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Studied girlhoods

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Date Issued:
2011
Summary:
Dorothy Allison's Two or Three Things I Know for Sure, Mary Karr's The Liars' Club, and Barbara Robinette Moss's Change Me into Zeus's Daughter are memoirs published in the 1990s of girlhoods in the late 1950s and early 1960s. This dissertation uses and expands upon the approaches of the multi-disciplinary Girls' Studies in analyzing how these memoirists theorize their own girlhoods. Each memoirist represents her experience in a culture that attempts to marginalize, silence, and define her. An application of the foundational work on girlhood in developmental psychology provides for an analysis of each memoirist's depiction of girlhood as a time of authentic insight and developing agency. Referencing feminist literary criticism allows for an interpretation of how the girls at the center of these works develop agency through growing awareness of the circumstances of their marginalization. And a semiotic literary interpretation adds to the analysis of these works as creative autobiogra phical writing in affording a close reading of how the memoirists portray younger selves learning to read the signs and texts of a culture and becoming aware of their status as girls in working-class families. Each memoirist uses a dual vocal presentation as both the adult memoirist and a younger self give shape to the narrative. Each memoirist represents a distinct southern space intersecting with specifics of the era to form a cultural moment. Social Construction Theory makes available a basis for considering how the memoirists narrate their increasing understanding of race and gender within these specific contexts as well as their resistive voicing of these insights.
Title: Studied girlhoods: consciousness, context, and negotiation of identity in the memoirs of Dorothy Allison, Mary Karr, and Barbara Robinette Moss.
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Name(s): Dilgen, Regina.
Dorothy F. Schmidt College of Arts and Letters
Department of Languages, Linguistics and Comparative Literature
Type of Resource: text
Genre: Electronic Thesis Or Dissertation
Issuance: monographic
Date Issued: 2011
Publisher: Florida Atlantic University
Physical Form: electronic
Extent: viii, 192 p.
Language(s): English
Summary: Dorothy Allison's Two or Three Things I Know for Sure, Mary Karr's The Liars' Club, and Barbara Robinette Moss's Change Me into Zeus's Daughter are memoirs published in the 1990s of girlhoods in the late 1950s and early 1960s. This dissertation uses and expands upon the approaches of the multi-disciplinary Girls' Studies in analyzing how these memoirists theorize their own girlhoods. Each memoirist represents her experience in a culture that attempts to marginalize, silence, and define her. An application of the foundational work on girlhood in developmental psychology provides for an analysis of each memoirist's depiction of girlhood as a time of authentic insight and developing agency. Referencing feminist literary criticism allows for an interpretation of how the girls at the center of these works develop agency through growing awareness of the circumstances of their marginalization. And a semiotic literary interpretation adds to the analysis of these works as creative autobiogra phical writing in affording a close reading of how the memoirists portray younger selves learning to read the signs and texts of a culture and becoming aware of their status as girls in working-class families. Each memoirist uses a dual vocal presentation as both the adult memoirist and a younger self give shape to the narrative. Each memoirist represents a distinct southern space intersecting with specifics of the era to form a cultural moment. Social Construction Theory makes available a basis for considering how the memoirists narrate their increasing understanding of race and gender within these specific contexts as well as their resistive voicing of these insights.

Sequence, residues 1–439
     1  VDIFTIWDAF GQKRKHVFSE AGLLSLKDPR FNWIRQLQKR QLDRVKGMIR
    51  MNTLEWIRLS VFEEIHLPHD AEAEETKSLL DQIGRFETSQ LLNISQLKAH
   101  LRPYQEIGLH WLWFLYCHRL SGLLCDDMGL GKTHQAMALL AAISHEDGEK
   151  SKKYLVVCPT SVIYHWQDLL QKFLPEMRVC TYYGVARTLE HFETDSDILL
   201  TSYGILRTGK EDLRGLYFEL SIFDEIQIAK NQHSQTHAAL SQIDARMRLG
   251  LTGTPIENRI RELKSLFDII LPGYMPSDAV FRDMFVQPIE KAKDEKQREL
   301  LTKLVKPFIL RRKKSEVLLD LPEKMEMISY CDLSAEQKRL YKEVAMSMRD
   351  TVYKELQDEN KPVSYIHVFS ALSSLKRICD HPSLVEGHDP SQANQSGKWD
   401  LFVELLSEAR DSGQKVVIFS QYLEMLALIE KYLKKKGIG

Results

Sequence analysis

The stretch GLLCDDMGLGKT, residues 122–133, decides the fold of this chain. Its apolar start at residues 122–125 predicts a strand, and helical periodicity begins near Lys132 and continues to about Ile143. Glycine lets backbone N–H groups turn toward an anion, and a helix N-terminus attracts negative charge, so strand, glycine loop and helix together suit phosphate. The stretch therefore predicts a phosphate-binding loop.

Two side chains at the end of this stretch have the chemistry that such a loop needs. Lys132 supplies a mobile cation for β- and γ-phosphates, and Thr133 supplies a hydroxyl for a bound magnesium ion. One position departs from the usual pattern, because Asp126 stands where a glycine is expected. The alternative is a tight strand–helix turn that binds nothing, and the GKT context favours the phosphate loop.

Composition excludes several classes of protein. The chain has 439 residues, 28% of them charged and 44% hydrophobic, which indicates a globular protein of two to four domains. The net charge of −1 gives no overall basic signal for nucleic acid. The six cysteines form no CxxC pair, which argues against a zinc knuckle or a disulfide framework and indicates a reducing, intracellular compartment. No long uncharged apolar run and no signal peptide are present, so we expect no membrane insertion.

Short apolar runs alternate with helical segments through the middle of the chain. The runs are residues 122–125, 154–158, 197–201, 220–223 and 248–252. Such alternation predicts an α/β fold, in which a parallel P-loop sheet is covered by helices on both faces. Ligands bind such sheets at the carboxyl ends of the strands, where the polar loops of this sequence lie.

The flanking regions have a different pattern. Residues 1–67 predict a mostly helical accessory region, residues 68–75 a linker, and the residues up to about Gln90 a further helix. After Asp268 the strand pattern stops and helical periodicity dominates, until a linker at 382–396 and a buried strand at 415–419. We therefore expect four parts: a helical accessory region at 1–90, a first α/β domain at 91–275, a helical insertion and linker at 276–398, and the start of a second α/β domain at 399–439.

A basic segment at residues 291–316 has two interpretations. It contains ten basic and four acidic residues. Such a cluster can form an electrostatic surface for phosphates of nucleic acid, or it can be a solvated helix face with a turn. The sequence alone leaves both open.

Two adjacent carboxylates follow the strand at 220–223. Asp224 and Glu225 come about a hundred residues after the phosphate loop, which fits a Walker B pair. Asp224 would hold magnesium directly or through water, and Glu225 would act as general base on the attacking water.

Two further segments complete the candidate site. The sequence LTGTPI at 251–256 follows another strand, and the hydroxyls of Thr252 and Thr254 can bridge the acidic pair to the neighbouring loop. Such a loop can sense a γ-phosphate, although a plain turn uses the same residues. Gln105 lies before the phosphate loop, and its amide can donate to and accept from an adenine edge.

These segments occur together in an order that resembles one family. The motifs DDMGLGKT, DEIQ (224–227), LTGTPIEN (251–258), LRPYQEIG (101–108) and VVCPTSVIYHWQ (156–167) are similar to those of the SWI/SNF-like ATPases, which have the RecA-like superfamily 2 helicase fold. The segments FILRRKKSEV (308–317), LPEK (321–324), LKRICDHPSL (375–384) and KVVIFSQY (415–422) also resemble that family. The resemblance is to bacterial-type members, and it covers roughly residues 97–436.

Summary: Through a Cultural Studies focus this dissertation examines how each memoirist represents a younger self's negotiations with cultural products of the era that work to construct girlhood. Adding to this unpacking of how the memoirists study their own girlhoods, the tools of Postco for an analysis of how the memoirists theorize their own girlhoods in ways that parallel these approaches. This dissertation adds to the evolving field of Girls' Studies in using contemporary theoretical frameworks to interpret how girlhood is constructed, represented, and negotiated with in these memoirs.
Identifier: 773277747 (oclc), 3332175 (digitool), FADT3332175 (IID), fau:3759 (fedora)
Note(s): by Regina Dilgen.
Thesis (Ph.D.)--Florida Atlantic University, 2011.
Includes bibliography.
Electronic reproduction. Boca Raton, Fla., 2011. Mode of access: World Wide Web.
Subject(s): Allison, Dorothy
Karr, Mary
Moss, Barbara Robinette
Self in literature
Popular culture -- 20th century
Working class women -- United States
Held by: FBoU FAUER
Persistent Link to This Record: http://purl.flvc.org/FAU/3332175
Use and Reproduction: http://rightsstatements.org/vocab/InC/1.0/
Host Institution: FAU